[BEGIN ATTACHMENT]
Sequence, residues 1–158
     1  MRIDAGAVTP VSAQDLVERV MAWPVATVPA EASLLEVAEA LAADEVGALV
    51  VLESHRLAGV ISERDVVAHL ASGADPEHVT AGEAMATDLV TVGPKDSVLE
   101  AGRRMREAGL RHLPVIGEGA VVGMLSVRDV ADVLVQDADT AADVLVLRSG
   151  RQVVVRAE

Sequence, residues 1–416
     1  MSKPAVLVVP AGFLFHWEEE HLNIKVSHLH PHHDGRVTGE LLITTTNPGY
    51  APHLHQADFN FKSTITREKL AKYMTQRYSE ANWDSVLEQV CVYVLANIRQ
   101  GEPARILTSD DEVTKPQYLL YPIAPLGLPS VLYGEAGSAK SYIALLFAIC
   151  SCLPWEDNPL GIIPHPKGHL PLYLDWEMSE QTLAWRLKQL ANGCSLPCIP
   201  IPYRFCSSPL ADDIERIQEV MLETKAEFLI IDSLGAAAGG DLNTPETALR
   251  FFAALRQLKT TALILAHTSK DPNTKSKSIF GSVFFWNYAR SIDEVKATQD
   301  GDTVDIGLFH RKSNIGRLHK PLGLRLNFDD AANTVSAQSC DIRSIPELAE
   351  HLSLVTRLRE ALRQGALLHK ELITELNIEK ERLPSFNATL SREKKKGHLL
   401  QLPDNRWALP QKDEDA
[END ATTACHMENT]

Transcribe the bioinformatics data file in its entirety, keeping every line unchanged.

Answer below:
Sequence, residues 1–158
     1  MRIDAGAVTP VSAQDLVERV MAWPVATVPA EASLLEVAEA LAADEVGALV
    51  VLESHRLAGV ISERDVVAHL ASGADPEHVT AGEAMATDLV TVGPKDSVLE
   101  AGRRMREAGL RHLPVIGEGA VVGMLSVRDV ADVLVQDADT AADVLVLRSG
   151  RQVVVRAE

Sequence, residues 1–416
     1  MSKPAVLVVP AGFLFHWEEE HLNIKVSHLH PHHDGRVTGE LLITTTNPGY
    51  APHLHQADFN FKSTITREKL AKYMTQRYSE ANWDSVLEQV CVYVLANIRQ
   101  GEPARILTSD DEVTKPQYLL YPIAPLGLPS VLYGEAGSAK SYIALLFAIC
   151  SCLPWEDNPL GIIPHPKGHL PLYLDWEMSE QTLAWRLKQL ANGCSLPCIP
   201  IPYRFCSSPL ADDIERIQEV MLETKAEFLI IDSLGAAAGG DLNTPETALR
   251  FFAALRQLKT TALILAHTSK DPNTKSKSIF GSVFFWNYAR SIDEVKATQD
   301  GDTVDIGLFH RKSNIGRLHK PLGLRLNFDD AANTVSAQSC DIRSIPELAE
   351  HLSLVTRLRE ALRQGALLHK ELITELNIEK ERLPSFNATL SREKKKGHLL
   401  QLPDNRWALP QKDEDA